Biotic Stress-Induced Priming and De-Priming of Transcriptional Memory in Arabidopsis and Apple

Abstract : Under natural growth conditions, plants experience various and repetitive biotic and abiotic stresses. Salicylic acid (SA) is a key phytohormone involved in the response to biotic challenges. Application of synthetic SA analogues can efficiently prime defense responses, and leads to improved pathogen resistance. Because SA analogues can result in long-term priming and memory, we identified genes for which expression was affected by the SA analogue and explored the role of DNA methylation in this memorization process. We show that treatments with an SA analogue can lead to long-term transcriptional memory of particular genes in Arabidopsis. We found that subsequent challenging of such plants with a bacterial elicitor reverted this transcriptional memory, bringing their expression back to the original pre-treatment level. We also made very similar observations in apple (Malus domestica), suggesting that this expression pattern is highly conserved in plants. Finally, we found a potential role for DNA methylation in the observed transcriptional memory behavior. We show that plants defective in DNA methylation pathways displayed a different memory behavior. Our work improves our understanding of the role of transcriptional memory in priming, and has important implication concerning the application of SA analogues in agricultural settings.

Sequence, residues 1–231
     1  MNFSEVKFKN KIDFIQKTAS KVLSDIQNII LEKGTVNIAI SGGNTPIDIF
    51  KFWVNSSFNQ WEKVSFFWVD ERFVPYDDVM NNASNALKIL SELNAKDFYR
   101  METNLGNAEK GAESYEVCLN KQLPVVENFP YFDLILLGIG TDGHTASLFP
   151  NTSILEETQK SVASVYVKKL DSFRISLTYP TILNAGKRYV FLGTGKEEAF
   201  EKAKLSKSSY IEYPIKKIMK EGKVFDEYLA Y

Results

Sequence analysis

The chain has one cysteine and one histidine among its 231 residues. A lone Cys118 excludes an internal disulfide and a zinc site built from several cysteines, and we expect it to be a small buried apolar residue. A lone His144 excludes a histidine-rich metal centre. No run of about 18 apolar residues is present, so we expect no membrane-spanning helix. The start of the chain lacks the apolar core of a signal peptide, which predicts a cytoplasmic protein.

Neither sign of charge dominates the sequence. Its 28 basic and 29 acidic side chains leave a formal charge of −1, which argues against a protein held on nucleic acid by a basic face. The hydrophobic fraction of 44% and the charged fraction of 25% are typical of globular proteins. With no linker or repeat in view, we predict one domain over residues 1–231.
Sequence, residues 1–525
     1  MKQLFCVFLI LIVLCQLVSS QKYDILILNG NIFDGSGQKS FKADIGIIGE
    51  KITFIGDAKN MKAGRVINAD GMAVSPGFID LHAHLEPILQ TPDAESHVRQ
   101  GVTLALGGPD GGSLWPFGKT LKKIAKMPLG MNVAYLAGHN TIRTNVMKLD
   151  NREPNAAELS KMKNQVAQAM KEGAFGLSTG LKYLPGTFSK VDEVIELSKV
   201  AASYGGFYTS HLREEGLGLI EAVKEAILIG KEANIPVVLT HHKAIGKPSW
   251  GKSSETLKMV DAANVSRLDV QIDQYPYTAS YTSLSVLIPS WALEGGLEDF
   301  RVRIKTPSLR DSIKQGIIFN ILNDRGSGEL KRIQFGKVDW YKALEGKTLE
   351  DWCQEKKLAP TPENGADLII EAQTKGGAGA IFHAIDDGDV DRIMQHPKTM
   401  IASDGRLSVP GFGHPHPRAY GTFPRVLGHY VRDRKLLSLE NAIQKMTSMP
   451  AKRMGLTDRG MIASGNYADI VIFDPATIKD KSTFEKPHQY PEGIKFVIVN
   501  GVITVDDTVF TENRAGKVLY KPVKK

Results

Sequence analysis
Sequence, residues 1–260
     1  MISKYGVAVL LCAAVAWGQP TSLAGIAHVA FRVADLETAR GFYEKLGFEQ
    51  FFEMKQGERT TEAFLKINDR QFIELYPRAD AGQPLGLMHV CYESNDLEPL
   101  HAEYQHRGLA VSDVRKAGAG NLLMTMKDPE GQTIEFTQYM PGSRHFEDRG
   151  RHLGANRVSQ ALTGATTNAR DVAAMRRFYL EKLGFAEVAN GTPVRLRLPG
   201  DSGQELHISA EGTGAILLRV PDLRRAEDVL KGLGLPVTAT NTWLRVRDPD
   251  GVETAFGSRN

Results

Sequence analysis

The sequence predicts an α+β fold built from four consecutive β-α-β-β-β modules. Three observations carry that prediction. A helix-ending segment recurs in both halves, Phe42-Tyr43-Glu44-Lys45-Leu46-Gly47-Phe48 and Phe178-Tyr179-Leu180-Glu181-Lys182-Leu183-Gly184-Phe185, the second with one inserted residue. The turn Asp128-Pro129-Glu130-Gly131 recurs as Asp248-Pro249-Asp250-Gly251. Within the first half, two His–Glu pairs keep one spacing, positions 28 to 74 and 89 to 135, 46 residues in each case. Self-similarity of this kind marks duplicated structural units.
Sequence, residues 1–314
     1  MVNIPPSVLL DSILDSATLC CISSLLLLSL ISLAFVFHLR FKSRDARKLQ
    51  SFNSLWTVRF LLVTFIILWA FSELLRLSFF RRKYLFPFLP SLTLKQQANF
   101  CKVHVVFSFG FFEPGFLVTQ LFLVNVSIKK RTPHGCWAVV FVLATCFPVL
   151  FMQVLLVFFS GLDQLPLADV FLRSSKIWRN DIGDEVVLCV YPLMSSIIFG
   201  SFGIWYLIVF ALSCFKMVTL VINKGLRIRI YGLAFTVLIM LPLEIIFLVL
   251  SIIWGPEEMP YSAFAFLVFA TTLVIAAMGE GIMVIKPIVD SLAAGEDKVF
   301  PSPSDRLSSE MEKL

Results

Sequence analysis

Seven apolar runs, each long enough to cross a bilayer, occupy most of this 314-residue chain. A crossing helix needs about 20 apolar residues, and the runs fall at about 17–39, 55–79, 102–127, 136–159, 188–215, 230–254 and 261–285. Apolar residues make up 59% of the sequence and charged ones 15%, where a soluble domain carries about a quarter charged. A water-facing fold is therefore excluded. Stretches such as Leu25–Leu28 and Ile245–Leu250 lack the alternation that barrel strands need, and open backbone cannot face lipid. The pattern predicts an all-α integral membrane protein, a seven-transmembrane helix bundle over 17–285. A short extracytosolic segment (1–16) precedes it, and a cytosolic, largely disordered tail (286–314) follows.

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Kay Gully, Jean-Marc Celton, Alexandre Degrave, Sandra Pelletier, Marie-Noelle Brisset, et al.. Biotic Stress-Induced Priming and De-Priming of Transcriptional Memory in Arabidopsis and Apple. Epigenomes, MDPI, 2019, 3 (1), pp.3. ⟨10.3390/epigenomes3010003⟩. ⟨hal-02276518⟩

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